Blister Packs and Preventing Errors Through Maintenance of Patient Records
Compliance packs, more commonly known as “Blister Packs”, are a useful tool to increase medication adherence in patients experiencing difficulties with medication management.
However, due to the often-complex nature of the medication regimens; the potential for frequent therapy changes; and the multi-step process required for dispensing in compliance packs, they also introduce increased risks for errors to occur. Registrants need to be aware of these increased risks, and how to prevent errors from occurring for medications dispensed in this manner.
Preventing Errors through Maintenance of Patient Records
An effective way to prevent errors associated with the compliance packaging process is to ensure patient records are up-to-date and properly maintained.
The following examples illustrate how improper patient record management can lead to medication errors.
Scenario 1: Ensuring PharmaNet records are kept up-to-date when changes are made
Ms. Smith, a patient who has been receiving her medications in a compliance pack, presents to the pharmacy with her partially used compliance pack and a new prescription for a dose reduction of her ramipril.
She is currently taking ramipril 5mg twice daily in the morning and at bedtime and the new prescription is written for ramipril 5mg once daily in the morning.
The pharmacist decides that a new supply is not required to make this change to her compliance pack. Instead, the pharmacist removes the bedtime dose of ramipril from her remaining compliance packs and puts the new prescription on hold, to be filled when she is due for her next pack.
Issue: As a result of this pharmacists actions, Ms. Smith’s PharmaNet profile is now inaccurate. While Ms. Smith is still receiving the correct dose, because her new prescription for a reduced dose was put on hold, rather than being transmitted to PharmaNet, her PharmaNet record incorrectly reflects her current dose.
PharmaNet records, are particularly important in hospital settings, where they are relied on by healthcare professionals to determine what medications patients are taking when they are admitted. In the absence of any additional information from the patient or the patient’s caregivers, the patient’s medications would be ordered based on what appears on their PharmaNet record. Inaccuracies in a patient’s PharmaNet record can result in the patient receiving the wrong medications and/or dosages, putting them at risk of potential drug-therapy problems.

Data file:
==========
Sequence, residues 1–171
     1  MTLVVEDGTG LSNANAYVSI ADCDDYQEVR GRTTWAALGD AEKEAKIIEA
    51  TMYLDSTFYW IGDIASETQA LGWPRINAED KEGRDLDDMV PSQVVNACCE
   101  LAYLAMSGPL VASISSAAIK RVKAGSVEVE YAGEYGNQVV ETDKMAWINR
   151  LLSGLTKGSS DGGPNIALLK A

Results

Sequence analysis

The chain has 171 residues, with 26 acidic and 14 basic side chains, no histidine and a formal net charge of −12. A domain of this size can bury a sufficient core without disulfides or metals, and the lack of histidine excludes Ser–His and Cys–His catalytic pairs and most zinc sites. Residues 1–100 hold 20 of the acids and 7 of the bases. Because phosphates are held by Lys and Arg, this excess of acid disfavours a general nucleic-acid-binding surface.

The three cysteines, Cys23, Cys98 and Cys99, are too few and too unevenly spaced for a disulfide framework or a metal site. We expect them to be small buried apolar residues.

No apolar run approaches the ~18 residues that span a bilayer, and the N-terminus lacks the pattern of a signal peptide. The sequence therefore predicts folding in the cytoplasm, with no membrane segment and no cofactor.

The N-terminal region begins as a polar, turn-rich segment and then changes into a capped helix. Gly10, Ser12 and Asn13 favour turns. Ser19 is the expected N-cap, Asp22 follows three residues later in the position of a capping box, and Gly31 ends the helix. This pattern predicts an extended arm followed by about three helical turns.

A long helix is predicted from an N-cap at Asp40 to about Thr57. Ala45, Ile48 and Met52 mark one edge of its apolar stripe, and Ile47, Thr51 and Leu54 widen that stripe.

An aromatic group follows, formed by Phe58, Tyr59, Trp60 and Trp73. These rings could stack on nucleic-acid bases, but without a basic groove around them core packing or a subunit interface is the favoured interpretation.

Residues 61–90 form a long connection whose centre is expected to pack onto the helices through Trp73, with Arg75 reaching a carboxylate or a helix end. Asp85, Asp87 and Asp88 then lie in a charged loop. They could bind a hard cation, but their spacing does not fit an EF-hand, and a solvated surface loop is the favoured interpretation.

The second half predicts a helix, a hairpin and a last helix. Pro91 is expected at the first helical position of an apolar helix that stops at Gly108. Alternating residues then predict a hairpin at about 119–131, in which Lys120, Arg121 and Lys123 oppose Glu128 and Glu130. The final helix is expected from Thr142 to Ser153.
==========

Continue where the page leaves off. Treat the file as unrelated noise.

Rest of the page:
Solution: Whenever changes are ordered for a patient’s medication regimen, whether it be a dose increase, decrease, addition or discontinuation, it is important that this information is transmitted to PharmaNet so that the record is kept up-to-date.
This is a legislated requirement as per PODSA Bylaws s.35(1):
“35. (1) A registrant must enter the prescription information and transmit it to PharmaNet at the time of dispensing and keep the PharmaNet patient record current.”
Scenario 2: Ensuring local patient records are being maintained
Mr. Jones, a patient who has been receiving his medications in a compliance pack, presents to the pharmacy with his partially used compliance pack and a new prescription for a dose increase of his Synthroid.
He is currently taking Synthroid 75mcg once daily in the morning and the new prescription is written for a dose increase to Synthroid 88mcg once daily in the morning.
A pharmacy assistant processes the prescription for the increased dose, putting the 88mcg tablets into the existing compliance pack and removing the 75mcg tablets. A pharmacist conducts a PharmaNet check and the final check, but fails to review the patient’s local profile to ensure it has been updated appropriately.
Issue: It is important to keep in mind that the patient’s local record must be kept up-to-date and accurate. A pharmacist must review the patient’s local profile when prescriptions are transmitted and dispensed.
In this scenario, the pharmacist should have ensured that the old prescription for Synthroid 75mcg once daily had been discontinued/deactivated from the patient’s profile. Missing this step could potentially lead to errors when preparing the patient’s next compliance pack. For instance, if the Synthroid 75mcg is still active in the patient’s local profile, it may accidentally get flagged for refill, along with the Synthroid 88mcg. This could result in accidental packaging of both strengths and/or inaccuracies on the patient’s local and PharmaNet records.
Solution: Registrants are responsible for ensuring that patient records are being maintained as per HPA Bylaws Schedule F Part 1 s.11(1):
“11. (1) A patient record must be established and maintained for each patient for whom a Schedule I drug is dispensed.”
In addition, HPA Bylaws Schedule F Part 1 s.5(b) states that a pharmacist must:
“(b) review patient personal health information for drug therapy problems, therapeutic duplications and any other potential problems,”
In addition to reviewing the patient’s PharmaNet record, the pharmacist must also review the personal health information on the patient’s local record when dispensing a prescription. Registrants are responsible for maintaining this record as per section 11(1) to ensure that it is accurate and up-to-date.
Although this step is always important, regardless of whether you are dispensing in compliance packs or vials, compliance pack patients are particularly vulnerable to having these types of errors go unnoticed.